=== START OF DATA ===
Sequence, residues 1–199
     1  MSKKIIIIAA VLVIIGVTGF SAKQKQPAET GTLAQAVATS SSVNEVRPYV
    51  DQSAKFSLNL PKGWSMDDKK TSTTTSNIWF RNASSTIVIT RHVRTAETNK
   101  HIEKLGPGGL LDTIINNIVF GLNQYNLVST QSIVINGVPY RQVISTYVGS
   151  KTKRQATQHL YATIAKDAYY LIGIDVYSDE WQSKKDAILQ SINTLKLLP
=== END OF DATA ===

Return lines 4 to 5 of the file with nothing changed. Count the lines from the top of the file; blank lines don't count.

   101  HIEKLGPGGL LDTIINNIVF GLNQYNLVST QSIVINGVPY RQVISTYVGS
   151  KTKRQATQHL YATIAKDAYY LIGIDVYSDE WQSKKDAILQ SINTLKLLP